With the military patients coming home from the war with battle wounds and mustard gas burns, hospital facilities and staff were taxed to the limit. This created a shortage of physicians, especially in the civilian sector, as many had been lost for service with the military. Since the medical practitioners were away with the troops, medical students were left to care for the sick. Third and fourth year classes were closed and the students were assigned jobs as interns or nurses (Starr,1976). One article noted that "depletion has been carried to such an extent that the practitioners are brought very near the breaking point," (BMJ, 11/2/1918). The shortage was further confounded as physicians themselves were infected and succumbed to the epidemic. In the U.S., the Red Cross had to recruit more volunteers to contribute to the new cause at home of fighting the influenza epidemic. To respond with the fullest utilization of nurses, volunteers and medical supplies, the Red Cross created a National Committee on Influenza. It was involved in both military and civilian sectors to mobilize all forces to fight Spanish influenza (Crosby, 1989). In some areas of the US, the nursing shortage was so acute that the Red Cross had to ask local businesses to allow workers to have the day off if they volunteered in the hospitals at night (Deseret News). Emergency hospitals were created to take in the patients from the US and those arriving sick from overseas.


          The pandemic affected everyone. With one-quarter of the US and one-fifth of the world infected with the deadly influenza, it was impossible to escape from the illness. Even President Woodrow Wilson suffered from the flu in early 1919 while negotiating the crucial treaty of Versailles to end the World War (Tice). Those who were lucky enough to avoid infection had to deal with the public health ordinances to restrain the spread of the disease. The public health departments distributed gauze masks to be worn in public. Stores could not hold sales, funerals were limited to 15 minutes. Some towns required that people obtain a signed certificate in order to enter and railroads would not accept passengers without them. Those who ignored the flu ordinances had to pay steep fines enforced by extra officers (Deseret News). Bodies piled up as the massive deaths of the epidemic ensued. Besides the lack of health care workers and medical supplies, there was a shortage of coffins, morticians and gravediggers (Knox). These conditions in 1918 recalled those of the Middle Ages, when the Black Death caused by the bubonic plague claimed nearly two-thirds of European lives.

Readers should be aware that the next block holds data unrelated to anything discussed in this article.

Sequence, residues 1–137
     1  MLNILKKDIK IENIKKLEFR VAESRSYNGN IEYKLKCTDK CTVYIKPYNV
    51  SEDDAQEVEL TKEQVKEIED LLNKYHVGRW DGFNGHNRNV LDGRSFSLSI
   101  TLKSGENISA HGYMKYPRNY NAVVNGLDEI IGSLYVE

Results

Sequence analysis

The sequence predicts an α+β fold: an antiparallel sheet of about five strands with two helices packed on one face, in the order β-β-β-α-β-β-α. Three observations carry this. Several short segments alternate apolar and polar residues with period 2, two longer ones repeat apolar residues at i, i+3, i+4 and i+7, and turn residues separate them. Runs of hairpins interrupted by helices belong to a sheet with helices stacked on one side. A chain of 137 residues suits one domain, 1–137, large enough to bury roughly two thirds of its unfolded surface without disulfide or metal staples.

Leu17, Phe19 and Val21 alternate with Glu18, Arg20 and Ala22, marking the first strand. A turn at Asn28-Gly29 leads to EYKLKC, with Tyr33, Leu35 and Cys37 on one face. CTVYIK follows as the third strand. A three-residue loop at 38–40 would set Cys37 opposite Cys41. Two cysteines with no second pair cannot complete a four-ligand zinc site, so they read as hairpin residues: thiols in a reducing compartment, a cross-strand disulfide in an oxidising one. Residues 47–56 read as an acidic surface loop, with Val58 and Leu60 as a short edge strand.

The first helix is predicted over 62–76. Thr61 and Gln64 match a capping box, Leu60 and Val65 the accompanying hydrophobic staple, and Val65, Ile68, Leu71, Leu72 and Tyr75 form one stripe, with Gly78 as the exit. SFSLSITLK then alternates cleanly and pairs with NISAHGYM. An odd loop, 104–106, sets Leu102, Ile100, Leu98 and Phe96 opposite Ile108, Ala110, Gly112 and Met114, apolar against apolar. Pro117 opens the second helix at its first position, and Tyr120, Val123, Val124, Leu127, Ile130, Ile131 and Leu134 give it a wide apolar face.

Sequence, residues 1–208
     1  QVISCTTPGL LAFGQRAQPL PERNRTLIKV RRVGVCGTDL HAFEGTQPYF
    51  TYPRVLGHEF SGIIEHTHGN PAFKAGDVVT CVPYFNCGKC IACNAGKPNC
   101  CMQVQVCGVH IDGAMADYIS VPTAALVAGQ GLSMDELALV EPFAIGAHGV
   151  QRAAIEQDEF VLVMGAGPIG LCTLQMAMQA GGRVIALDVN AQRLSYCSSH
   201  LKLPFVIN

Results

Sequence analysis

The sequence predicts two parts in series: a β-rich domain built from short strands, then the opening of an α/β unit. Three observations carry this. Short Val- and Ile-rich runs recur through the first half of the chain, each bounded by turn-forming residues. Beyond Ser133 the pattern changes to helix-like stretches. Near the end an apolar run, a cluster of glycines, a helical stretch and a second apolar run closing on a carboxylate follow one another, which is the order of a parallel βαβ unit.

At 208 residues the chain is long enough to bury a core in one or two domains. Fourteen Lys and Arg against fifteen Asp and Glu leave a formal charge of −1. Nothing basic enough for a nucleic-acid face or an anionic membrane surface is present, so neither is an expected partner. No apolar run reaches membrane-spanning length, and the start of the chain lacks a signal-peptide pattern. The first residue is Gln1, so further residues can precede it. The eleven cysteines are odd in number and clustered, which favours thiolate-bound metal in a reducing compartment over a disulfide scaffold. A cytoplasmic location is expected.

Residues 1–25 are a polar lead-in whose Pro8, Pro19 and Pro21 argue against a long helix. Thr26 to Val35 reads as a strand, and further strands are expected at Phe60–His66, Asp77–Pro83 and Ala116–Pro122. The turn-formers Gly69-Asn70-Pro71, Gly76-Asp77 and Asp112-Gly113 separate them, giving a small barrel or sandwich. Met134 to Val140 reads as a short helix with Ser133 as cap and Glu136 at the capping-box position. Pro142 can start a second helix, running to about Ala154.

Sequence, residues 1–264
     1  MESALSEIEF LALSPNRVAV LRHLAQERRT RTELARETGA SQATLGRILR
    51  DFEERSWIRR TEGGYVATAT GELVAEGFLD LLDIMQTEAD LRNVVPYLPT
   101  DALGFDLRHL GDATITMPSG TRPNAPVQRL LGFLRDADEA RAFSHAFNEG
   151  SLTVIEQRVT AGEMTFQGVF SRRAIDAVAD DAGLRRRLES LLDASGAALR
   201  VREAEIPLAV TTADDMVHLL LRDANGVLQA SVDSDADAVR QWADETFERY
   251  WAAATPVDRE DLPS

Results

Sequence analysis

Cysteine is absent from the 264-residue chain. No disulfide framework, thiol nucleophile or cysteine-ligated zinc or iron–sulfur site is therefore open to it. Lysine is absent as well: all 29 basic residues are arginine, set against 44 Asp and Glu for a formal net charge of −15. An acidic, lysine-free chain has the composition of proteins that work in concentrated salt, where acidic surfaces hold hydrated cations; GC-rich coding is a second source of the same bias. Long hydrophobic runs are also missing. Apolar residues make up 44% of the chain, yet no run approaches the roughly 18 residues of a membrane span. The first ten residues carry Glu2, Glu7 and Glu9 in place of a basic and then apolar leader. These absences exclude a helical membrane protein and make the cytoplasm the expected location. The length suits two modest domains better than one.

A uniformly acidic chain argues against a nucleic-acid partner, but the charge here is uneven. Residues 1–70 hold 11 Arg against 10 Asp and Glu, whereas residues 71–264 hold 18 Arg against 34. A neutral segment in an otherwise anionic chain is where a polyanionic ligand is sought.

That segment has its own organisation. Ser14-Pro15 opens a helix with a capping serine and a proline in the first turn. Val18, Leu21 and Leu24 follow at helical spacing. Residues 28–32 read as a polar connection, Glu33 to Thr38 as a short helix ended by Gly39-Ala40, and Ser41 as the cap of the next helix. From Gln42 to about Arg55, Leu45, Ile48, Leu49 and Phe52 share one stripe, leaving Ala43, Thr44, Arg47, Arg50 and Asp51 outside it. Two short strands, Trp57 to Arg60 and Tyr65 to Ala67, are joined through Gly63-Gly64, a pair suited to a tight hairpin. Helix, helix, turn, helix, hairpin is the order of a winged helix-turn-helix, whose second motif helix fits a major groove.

As the pandemic began to spread in 1918-19, nations were already overwhelmed by the costs of the war. Propaganda campaigns and war restrictions and rations had been implemented by governments. Nationalism pervaded and most people were more willing than ever to accept government authority. This allowed the public health departments to easily step in and implement their restrictive measures. Most governments at this time became increasingly dependent on scientists, who were now armed with the new germ theory and the development of antiseptic surgery. Scientists led efforts to design vaccines and reduce mortalities of disease and battle wounds. Their new technologies could preserve the men on the front and ultimately save the world.

ons of the influenza pandemic on the military:

A letter to a fellow physician describing conditions during the influenza epidemic at Camp Devens

A collection of letters of a soldier stationed in Camp Funston Soldier